Should You Write a Memoir?
During a writers' conference I attended, the speakers fielded several questions about writing a memoir. I found that curious since the conference was pretty tilted toward fiction writing. It's also curious in that so many people felt that their stories were worth publishing...even being worthy of a traditional publishing contract.
So should you write a memoir of your life experiences?
Who Wants to Read Your Memoir?
When I've asked memoir writers to tell me what markets they see reading their books, I usually get silence or a blank stare.
Memoirists may not even think about the market or purpose for their books. They're just so interested in spilling their personal history into a book that, to them, the market is irrelevant. For them, it is more of a cathartic exercise for painful life experiences, or a way to garner the attention they feel they deserve.
Also realize that there are likely hundreds, if not thousands, of books written on almost every type of life experience. Your story, no matter how great, could be just one of the many. So what makes your story so special?
Reasons to Write a Memoir
I have to break it to you that nobody really cares about your story... unless there's something of value in it for the reader.
Extraordinary? If you have accomplished or survived extraordinary things, sharing them could inspire or motivate others. But realize that your "extraordinary" may be your readers' "ordinary." Again, there are likely many books that tell similar stories already on the market. A quick search on Amazon should tell you if you're unique and extraordinary, or just one of many.
You're Famous and People Want Your Backstory. Are you a genuine celebrity or a highly regarded figure in your industry? Are your fans clamoring to find out more about you? Then memoirs can be a worthwhile and profitable project. This is why you see the big traditional publishers pursuing famous people for book deals. There's a built-in market for these people's stories.
Don't Mix Memoir With Mission
One of the audience questions at the writers' conference asked about blending a how-to book with a memoir. This makes a marketing mess! Including anecdotes in a how-to can be helpful in explaining concepts. But that doesn't qualify it as a memoir.
Some memoirists want to offer their unique insight and perspective by telling their side of a story. They want to promote understanding, maybe even gain some sympathy, for their viewpoint. But, again, there may already be a slew of books on the market that will compete. Also, these approaches dance on the edge of being standard nonfiction. If it truly is nonfiction, categorizing it as a memoir could reduce its visibility and sales.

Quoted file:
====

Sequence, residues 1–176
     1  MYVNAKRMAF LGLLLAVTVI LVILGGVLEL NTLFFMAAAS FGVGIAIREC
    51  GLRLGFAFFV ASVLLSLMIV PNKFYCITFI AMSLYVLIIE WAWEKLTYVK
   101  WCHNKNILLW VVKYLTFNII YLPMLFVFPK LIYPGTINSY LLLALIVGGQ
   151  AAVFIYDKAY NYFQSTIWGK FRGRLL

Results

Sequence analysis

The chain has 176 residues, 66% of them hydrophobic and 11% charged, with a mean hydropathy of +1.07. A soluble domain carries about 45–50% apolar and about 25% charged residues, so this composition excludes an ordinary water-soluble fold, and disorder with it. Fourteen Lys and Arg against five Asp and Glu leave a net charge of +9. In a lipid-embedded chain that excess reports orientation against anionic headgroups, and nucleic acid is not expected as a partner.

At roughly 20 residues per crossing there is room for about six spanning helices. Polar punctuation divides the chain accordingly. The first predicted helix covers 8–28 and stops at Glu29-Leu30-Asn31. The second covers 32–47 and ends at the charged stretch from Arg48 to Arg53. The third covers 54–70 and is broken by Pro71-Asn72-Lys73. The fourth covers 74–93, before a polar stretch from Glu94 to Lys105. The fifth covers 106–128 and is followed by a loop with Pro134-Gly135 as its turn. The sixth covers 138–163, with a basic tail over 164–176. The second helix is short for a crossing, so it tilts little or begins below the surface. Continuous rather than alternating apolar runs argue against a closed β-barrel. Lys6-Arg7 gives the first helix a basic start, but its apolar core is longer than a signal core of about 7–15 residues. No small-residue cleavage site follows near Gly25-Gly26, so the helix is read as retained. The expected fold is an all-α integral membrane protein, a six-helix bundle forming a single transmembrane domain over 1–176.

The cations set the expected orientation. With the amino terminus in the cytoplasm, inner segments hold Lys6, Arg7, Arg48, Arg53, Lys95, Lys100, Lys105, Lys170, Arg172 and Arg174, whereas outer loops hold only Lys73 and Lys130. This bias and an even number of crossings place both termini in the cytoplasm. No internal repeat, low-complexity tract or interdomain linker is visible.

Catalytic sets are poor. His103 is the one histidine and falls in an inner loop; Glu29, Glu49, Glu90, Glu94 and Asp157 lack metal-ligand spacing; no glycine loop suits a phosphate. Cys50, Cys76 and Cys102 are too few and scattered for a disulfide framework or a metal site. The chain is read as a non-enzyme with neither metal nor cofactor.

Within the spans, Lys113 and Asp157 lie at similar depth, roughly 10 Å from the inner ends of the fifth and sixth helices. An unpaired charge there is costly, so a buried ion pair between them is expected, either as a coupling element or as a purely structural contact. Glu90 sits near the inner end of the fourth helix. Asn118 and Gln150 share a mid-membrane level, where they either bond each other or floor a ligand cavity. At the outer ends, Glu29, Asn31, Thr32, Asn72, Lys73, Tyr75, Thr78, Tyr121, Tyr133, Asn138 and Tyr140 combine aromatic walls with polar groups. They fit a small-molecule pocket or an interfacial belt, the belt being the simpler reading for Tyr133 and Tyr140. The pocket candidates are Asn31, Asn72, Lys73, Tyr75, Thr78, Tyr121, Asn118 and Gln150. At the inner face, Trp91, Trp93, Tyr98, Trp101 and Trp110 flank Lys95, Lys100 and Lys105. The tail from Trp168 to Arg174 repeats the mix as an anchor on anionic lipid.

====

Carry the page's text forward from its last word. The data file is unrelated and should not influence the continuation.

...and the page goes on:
Know which genre you're writing and what mission you're trying to accomplish.
Do You Need a Full Book for Your Memoir?
Unless you've lived an extraordinary life or you're a celebrity, telling your womb to (eventual) tomb tale may be overkill. Again, there might not be a market for it.
However, if you're bound and determined to share your personal story with the world, one thing to consider might be anthology books. An example of an anthology would be the Chicken Soup for the Soul series. In these books, contributing writers tell their stories, in whole or in part, in one chapter.
Because these books are usually thematic, the stories in them need to be focused on a particular theme or topic. This can help a memoir writer focus on one or a few life anecdotes that align with the rest of the anthology. Even if it's pay-to-play participation in the book, it might be less expensive than going it alone with a stand-alone self published memoir, or even trying to get a traditional book contract.
Legal Issues With Memoirs
Memoirs can be legal minefield! I've read personal stories that just make me shudder.
Some are filled with accusations of abuse, addiction, and outright crime committed by others (or even the writer!). Others specifically mention family members that would easily known even if just identified by the relationship (e.g., "my ex-husband"), friends, or work connections as perpetrators of these acts. Kiss-and-tell, tell-all, sensationalized, embellished, exaggerated, or exposé stories and descriptions could land you in lawsuit territory.
Even if the stories including others are positive, would those others want to have these incidents or their involvement made public? And could they, rightly or wrongly, expect some compensation for including their story?
Consult an attorney BEFORE ever publishing a memoir!
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© 2017 Heidi Thorne